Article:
I have eaten a lot of bad treacle tarts over the years, and more than a few of them I made myself. It took a while, but I finally figured out the perfect ratio of lemon, crumbs and syrup so that the result is light and airy rather than heavy and stodgy.
A traditional treacle tart uses breadcrumbs, but I have discovered that cake crumbs from a plain or vanilla sponge cake give a softer more velvety texture. If you haven’t got any leftover cake then make this tart using breadcrumbs as usual, but keep it in mind as an experiment next time you make a Victoria sponge.
The pastry here is a little tricky to work with because it is very short and crumbly, but it is well worth the effort. I’m sure you will agree when you feel it melt in your mouth.
This recipe requires a 23cm round tart tin, 2.5 cm deep.
RECIPE serves 12 easily
For the pastry case:
175g plain flour
50g fridge-cold butter, cubed
50g fridge-cold vegetable shortening, crumbled
1 tbsp icing sugar
1 egg yolk
For the filling:
400g golden syrup
150ml double cream
1 large egg
100g breadcrumbs (or 100g cake crumbs if you have them)
60g ground almonds
the zest of a lemon, finely grated
2 tsp freshly squeezed lemon juice
First, make the pastry case:
Put the plain flour, butter, shortening and icing sugar into a food processor and pulse a few times to mix it thoroughly. When it looks like fine crumbs add the egg yolk and pulse again, then add around a tablespoon of cold water a little bit at a time and pulse for a second until the pastry starts to come together. Take care not to overwork the pastry mixture, the beauty of this pastry is that it is soft and crumbly, doing too much to it is liable to make it tough. Empty it out of the food processor onto a lightly floured surface and gently bring it together into a smooth ball.
Wrap the pastry in cling film and chill for at least 30 minutes.
On a lightly floured surface, roll your pastry out into a round until it is approximately the thickness of a pound coin, this should give you the correct diameter to fill your pastry case with a little left over that you can trim off later. Always keep your trimmings as you may need to make a couple of repairs.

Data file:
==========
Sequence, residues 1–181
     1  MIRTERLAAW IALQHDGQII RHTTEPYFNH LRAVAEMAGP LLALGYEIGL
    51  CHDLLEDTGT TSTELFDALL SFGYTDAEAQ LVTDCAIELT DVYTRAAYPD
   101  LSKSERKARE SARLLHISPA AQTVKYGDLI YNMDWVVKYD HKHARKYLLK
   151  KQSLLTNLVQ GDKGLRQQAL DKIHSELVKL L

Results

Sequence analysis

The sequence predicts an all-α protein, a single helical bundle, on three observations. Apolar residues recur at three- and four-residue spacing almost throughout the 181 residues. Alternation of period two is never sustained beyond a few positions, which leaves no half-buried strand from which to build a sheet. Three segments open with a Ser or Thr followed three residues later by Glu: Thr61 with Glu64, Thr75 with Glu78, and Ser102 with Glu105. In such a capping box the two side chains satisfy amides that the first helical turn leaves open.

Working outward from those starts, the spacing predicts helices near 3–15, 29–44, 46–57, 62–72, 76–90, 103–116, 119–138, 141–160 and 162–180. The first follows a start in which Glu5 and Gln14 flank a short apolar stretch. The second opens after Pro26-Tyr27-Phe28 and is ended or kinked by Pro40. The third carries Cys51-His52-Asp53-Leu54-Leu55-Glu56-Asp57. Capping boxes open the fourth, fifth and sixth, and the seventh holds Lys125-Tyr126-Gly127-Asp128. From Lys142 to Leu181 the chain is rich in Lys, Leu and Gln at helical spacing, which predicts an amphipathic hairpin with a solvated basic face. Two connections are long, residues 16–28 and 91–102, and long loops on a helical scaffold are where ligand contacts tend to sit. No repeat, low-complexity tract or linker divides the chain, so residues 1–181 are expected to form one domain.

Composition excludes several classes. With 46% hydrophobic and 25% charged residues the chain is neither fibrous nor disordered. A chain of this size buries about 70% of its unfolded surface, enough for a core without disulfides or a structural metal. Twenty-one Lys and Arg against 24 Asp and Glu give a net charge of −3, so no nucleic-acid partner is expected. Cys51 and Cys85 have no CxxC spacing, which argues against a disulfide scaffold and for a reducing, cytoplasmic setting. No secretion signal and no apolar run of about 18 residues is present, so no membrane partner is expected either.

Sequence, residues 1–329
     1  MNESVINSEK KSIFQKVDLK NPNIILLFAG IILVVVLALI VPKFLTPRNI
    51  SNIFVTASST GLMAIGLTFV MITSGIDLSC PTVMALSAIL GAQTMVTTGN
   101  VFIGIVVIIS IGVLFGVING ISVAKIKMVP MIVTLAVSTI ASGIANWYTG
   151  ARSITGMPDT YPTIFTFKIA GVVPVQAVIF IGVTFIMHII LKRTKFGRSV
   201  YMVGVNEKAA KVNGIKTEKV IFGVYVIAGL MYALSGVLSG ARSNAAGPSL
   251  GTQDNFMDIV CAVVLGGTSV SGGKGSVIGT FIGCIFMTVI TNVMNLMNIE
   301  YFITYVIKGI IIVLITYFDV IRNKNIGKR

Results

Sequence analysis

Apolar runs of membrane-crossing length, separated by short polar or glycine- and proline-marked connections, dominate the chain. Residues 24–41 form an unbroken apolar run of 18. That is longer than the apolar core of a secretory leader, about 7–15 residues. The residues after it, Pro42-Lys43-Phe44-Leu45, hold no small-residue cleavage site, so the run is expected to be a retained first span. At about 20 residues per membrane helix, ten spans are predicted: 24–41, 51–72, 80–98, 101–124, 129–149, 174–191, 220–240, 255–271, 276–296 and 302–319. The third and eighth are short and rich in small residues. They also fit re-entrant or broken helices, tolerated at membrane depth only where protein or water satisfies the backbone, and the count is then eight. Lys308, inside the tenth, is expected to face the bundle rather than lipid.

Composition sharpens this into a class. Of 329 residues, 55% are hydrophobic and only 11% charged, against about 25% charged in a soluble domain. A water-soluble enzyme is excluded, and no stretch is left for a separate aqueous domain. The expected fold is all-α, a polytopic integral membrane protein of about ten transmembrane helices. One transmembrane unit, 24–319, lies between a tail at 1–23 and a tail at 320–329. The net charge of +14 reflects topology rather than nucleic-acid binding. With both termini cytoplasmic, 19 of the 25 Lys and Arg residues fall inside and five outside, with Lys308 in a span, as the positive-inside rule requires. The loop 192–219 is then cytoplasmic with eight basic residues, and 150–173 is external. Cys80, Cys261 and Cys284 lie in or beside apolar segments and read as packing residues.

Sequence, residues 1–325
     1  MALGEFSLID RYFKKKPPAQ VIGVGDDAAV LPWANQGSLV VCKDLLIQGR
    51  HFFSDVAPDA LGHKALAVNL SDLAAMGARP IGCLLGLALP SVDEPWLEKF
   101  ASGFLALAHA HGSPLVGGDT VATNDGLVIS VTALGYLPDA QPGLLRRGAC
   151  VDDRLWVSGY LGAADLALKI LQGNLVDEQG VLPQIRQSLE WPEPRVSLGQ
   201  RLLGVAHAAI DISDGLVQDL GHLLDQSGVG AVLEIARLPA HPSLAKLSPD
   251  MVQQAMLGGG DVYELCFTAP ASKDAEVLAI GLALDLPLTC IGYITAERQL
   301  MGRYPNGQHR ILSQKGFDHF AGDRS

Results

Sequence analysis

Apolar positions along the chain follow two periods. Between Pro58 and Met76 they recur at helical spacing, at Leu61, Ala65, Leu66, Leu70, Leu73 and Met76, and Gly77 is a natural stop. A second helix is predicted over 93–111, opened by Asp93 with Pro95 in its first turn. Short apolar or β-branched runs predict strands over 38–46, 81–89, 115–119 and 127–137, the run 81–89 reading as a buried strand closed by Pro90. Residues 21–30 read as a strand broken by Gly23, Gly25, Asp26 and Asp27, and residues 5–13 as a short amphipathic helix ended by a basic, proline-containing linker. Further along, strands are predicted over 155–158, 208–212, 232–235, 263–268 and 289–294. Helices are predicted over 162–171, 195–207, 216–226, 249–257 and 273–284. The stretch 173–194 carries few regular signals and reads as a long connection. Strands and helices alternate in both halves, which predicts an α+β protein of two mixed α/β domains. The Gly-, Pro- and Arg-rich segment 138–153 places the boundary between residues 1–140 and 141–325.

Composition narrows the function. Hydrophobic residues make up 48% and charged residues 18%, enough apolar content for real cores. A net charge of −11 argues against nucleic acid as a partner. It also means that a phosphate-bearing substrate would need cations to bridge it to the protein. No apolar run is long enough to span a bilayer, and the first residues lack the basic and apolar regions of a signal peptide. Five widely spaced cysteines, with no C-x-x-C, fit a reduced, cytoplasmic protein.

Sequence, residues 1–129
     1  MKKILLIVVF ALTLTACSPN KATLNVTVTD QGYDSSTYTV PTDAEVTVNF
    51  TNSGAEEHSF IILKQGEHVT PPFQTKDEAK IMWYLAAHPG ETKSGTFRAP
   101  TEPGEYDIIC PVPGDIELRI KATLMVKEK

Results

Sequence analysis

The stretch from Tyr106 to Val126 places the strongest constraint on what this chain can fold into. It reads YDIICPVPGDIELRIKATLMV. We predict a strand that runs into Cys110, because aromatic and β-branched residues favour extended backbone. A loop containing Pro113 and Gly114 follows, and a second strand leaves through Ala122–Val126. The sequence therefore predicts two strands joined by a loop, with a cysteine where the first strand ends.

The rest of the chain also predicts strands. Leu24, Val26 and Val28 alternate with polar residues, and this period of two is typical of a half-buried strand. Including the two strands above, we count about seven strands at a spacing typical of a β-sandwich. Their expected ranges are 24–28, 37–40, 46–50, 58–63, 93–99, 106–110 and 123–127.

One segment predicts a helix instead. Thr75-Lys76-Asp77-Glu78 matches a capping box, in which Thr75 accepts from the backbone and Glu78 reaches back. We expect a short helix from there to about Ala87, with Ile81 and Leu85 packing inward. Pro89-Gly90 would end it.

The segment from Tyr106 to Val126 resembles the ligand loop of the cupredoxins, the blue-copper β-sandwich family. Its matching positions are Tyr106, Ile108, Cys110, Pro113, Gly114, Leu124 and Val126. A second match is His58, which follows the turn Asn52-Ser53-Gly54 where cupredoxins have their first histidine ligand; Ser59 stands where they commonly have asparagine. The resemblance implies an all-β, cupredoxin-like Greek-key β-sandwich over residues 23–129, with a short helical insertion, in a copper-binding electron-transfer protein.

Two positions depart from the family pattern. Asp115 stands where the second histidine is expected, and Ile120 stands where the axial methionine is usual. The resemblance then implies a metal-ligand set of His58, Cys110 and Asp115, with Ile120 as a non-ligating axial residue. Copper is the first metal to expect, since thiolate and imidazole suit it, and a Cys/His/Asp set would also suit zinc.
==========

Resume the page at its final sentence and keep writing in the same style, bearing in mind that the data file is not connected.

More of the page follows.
Lift the pastry up onto a rolling pin, drape it over your tart tin and gently drop it into the tin. Using a small piece of pastry push the pastry gently into the corners and flutes of your tart tin so there are no air pockets. Trim off the surplus pastry from the edges of the tin and liberally prick the base of the pastry with a fork. Chill for another 30 minutes.
There is no need to butter or otherwise oil the sides of the tin, this pastry will come away easily once cooked.
Cut a piece of baking parchment large enough to completely cover the base and sides of the tart. Scrunch it up, then flatten it and place it in the pastry case, then fill with ceramic baking beans if you have them, rice or dried beans if you don’t. Now blind-bake the pastry case at 200C for 15 minutes; after this time remove the baking beans and parchment and return to the oven for a further 10-15 minutes until your pastry is golden and cooked through. Now turn the oven down to 170C/ gas 3.
|*Tip: The best bit of baking wisdom I ever received was this: blind-baking is not part-cooking, it is pre-cooking. In other words, your blind-baked pastry case should be fully cooked when it comes out. That’s the 100% guaranteed way to ensure that you never suffer the baker’s nightmare of a soggy bottom. Some authorities suggest sealing the base of your pastry case with a thin layer of egg white; don’t bother, it doesn’t belong there and you will be able to detect it.
Meanwhile, make the filling:
in a large, heavy-bottomed pan, gently warm the syrup. Don’t heat it until it is hot, you just want to soften it so it flows well and will accept the rest of the ingredients.
Take off the heat and whisk in the double cream, then add the crumbs and ground almonds. Break the egg into a cup and gently break it all together with a fork, then add to the filling together with the lemon zest and juice. Stir thoroughly so that everything is completely combined, then pour it into the pre-baked pastry case.
Bake at 170C/ gas 3 for approximately 35-40 minutes, until the filling is set. You can tell when it is set by setting the tin on a flat, heatproof surface and pulling it gently but sharply backward and forward. If set, the filling will be bubbling like a volcano but will not wobble.
Allow the tart to cool until it is just warm before removing from the tin. Serve with custard, creme fraiche or thick cream. Yumptious!